Orders for wooden product exports soar
Orders for furniture exports have risen strongly so far this year as demand has risen, according to Huynh Quang Thanh, chairman and CEO of Binh Duong-based Hiep Long Fine Furniture Company.
“We have signed export contracts enough for the rest of the year. The world furniture market is huge and full of potential,” he said.
His company exports to many markets, with the EU, Japan, South Korea, North America and Argentina being its key markets.
Similarly, Nguyen Chien Thang, chairman of the board of directors at Scansia Pacific Co., Ltd, which specialises in exporting indoor and outdoor furniture, said: “The export situation this year is better than last year, with our export contracts going up by 30 per cent over last year.”
The US-China trade war has prompted US buyers to seek new suppliers, while existing US buyers have increased their purchase volume, resulting in a surge in orders from the US market, he said.
Huynh Van Hanh, permanent deputy chairman of the Handicrafts and Wood Industry Association of HCM City (HAWA), said international buyers have shifted their orders with exporters from other countries, especially China, to orders with Vietnamese firms since when Viet Nam signed the Comprehensive and Progressive Agreement for Trans-Pacific Partnership (CPTPP).
However, the woodworking industry has not benefited much in terms of tariff duties from CPTPP and other free trade agreements because Vietnamese furniture products are mainly exported to the US and EU markets, and import tariffs to these markets were already very low and even at zero, Thang said.
But free trade agreements have indeed spurred interest from buyers who are thinking about Viet Nam for the first time, he said.
“The CPTPP will help customers feel secure when they come to Viet Nam to place orders,” Hanh said.
Dien Quang Hiep, chairman of Binh Duong Furniture Association and general director of Mifaco, said: “Orders are increasing in 2019 and next year. This was not due to Viet Nam benefiting from the US-China trade war or the CPTPP. Even without those things, the global wood processing industry would still have naturally moved to Viet Nam, but just a little slower than now.”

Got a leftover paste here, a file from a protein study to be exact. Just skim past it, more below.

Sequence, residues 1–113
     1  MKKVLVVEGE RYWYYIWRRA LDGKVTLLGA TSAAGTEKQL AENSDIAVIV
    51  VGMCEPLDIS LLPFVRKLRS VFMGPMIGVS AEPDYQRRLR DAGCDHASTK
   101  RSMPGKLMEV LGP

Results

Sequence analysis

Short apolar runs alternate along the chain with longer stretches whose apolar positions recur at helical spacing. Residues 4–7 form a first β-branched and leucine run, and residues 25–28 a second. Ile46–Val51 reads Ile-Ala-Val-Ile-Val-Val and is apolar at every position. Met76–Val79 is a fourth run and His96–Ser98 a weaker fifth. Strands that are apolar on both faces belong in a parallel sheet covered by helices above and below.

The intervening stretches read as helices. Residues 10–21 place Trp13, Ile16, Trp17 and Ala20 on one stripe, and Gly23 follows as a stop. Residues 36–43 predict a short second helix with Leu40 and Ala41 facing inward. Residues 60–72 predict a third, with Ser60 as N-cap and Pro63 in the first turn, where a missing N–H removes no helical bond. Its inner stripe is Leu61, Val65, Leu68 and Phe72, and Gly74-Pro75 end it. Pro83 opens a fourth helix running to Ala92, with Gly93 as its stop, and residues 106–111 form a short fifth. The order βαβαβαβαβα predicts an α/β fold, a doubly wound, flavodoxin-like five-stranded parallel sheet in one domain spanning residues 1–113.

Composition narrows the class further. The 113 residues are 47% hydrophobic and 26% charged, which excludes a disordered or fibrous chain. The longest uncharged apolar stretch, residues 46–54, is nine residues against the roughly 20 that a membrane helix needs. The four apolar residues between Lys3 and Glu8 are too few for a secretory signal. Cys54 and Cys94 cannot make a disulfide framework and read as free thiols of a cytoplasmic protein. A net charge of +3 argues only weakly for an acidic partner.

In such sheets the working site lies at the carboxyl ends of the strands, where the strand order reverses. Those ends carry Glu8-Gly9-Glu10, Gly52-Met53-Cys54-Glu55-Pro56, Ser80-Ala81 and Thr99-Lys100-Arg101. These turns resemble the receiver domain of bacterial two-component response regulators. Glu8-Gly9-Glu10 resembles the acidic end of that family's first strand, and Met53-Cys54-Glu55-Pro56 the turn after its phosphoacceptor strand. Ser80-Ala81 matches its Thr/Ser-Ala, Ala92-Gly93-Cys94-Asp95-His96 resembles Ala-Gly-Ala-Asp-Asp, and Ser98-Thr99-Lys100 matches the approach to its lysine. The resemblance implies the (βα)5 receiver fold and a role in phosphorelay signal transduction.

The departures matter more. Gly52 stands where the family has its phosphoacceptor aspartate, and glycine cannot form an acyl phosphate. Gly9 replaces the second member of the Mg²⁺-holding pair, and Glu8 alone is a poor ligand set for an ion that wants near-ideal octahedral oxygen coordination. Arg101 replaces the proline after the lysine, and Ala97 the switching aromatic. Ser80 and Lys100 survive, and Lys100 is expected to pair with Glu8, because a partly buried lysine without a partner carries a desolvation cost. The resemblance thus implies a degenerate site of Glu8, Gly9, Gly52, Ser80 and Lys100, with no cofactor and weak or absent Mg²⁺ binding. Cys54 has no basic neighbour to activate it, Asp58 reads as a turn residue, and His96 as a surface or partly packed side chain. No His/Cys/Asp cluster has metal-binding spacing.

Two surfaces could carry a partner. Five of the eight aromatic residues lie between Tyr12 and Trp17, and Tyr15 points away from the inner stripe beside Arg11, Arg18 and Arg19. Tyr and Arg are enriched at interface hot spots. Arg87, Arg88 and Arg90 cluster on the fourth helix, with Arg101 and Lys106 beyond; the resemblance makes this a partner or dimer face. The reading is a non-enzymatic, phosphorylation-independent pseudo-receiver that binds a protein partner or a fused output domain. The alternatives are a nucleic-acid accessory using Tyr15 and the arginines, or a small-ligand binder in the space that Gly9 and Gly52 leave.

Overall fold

The woodworking industry enjoyed good growth last year, with exports of wood and forestry products reaching US$9.4 billion, up 16.8 per cent from the previous year.
“With the current growth rate, it will not be difficult for the industry to fulfil the export target of $11 billion set for this year,” he said.
However, a surge in export orders is not only an opportunity but also a challenge for wood processing firms, requiring them to improve their capacity to fulfil orders.
Thang said: “The most difficult task is how to meet an increase in demand. We must expand investment in new machinery lines, which will cost millions of US dollars.”
Similarly, Thanh said his company has already invested in automating production, with the objective of increasing productivity and quality.
Hanh said that, with the market’s positive signals, many HAWA members have expanded production scale as well as invested hundreds of million of dollars in upgrading their machinery.
Hiep said that to improve the industry’s capacity, the Government should develop concentrated industrial parks so that enterprises can gather together to create strength. These firms will link together, with each company in charge of a certain phase in the industry’s supply chain. By doing that, the industry’s productivity and production scale will increase strongly.
Thang said that the industry would not face a lack of material sources for processing furniture for export, even though orders have gone up.
“Seven to eight years ago, we used 60-70 per cent of imported timber for processing furniture to export, but now imported timber accounts for only 30 per cent and 70 per cent is from local supply.”
Timber is a renewable material source, he noted. In developed countries, timber output has increased by 30-40 per cent compared to 30 years ago.
In addition, the Vietnamese Government has encouraged reforestation, with the forest coverage ratio now at 41-42 per cent compared to 27 per cent 20 years ago, he said.
Viet Nam has about 4,500 wood and forest product processing enterprises, of which private enterprises account for 95 per cent.
Last year, the number of enterprises processing products for export reached over 1,800, an increase of more than 300 compared to 2017.
Vietnamese timber and forest products are exported to more than 120 countries and territories. Viet Nam ranks fifth in the world’s wooden product export market, second in Asia, and first in Southeast Asia.